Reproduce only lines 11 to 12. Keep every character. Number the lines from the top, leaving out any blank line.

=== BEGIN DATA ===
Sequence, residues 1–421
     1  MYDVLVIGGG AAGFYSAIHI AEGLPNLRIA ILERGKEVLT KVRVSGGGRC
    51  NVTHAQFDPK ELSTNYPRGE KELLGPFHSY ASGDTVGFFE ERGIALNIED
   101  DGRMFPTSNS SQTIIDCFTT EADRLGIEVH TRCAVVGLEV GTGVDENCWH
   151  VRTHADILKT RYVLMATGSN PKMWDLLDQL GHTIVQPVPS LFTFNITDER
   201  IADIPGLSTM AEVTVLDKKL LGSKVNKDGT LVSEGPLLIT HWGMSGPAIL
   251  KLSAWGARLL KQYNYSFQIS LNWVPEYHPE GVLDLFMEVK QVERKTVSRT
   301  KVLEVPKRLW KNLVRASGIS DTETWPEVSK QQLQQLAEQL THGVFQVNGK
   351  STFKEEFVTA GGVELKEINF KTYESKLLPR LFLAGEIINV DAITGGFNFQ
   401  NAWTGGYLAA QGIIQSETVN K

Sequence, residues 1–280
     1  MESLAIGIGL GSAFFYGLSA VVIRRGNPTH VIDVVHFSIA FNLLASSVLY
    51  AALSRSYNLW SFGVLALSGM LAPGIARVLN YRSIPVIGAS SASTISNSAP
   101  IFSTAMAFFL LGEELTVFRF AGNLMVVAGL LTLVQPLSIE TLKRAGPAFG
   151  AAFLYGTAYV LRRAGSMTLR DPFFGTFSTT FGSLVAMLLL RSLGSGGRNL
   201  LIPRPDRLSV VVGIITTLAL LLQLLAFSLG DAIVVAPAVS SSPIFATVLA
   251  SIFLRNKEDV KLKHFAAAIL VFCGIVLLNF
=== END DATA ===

Sequence, residues 1–280
     1  MESLAIGIGL GSAFFYGLSA VVIRRGNPTH VIDVVHFSIA FNLLASSVLY